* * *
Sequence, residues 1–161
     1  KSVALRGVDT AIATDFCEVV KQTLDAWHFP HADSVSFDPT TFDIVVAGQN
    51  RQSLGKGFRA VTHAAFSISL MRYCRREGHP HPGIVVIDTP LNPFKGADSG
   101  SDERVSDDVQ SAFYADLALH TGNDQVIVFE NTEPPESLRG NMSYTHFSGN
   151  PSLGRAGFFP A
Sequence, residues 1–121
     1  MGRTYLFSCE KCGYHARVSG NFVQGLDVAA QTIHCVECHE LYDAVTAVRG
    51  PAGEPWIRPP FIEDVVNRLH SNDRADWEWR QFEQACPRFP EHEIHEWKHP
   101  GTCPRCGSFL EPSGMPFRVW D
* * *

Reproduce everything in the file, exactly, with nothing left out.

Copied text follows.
Sequence, residues 1–161
     1  KSVALRGVDT AIATDFCEVV KQTLDAWHFP HADSVSFDPT TFDIVVAGQN
    51  RQSLGKGFRA VTHAAFSISL MRYCRREGHP HPGIVVIDTP LNPFKGADSG
   101  SDERVSDDVQ SAFYADLALH TGNDQVIVFE NTEPPESLRG NMSYTHFSGN
   151  PSLGRAGFFP A
Sequence, residues 1–121
     1  MGRTYLFSCE KCGYHARVSG NFVQGLDVAA QTIHCVECHE LYDAVTAVRG
    51  PAGEPWIRPP FIEDVVNRLH SNDRADWEWR QFEQACPRFP EHEIHEWKHP
   101  GTCPRCGSFL EPSGMPFRVW D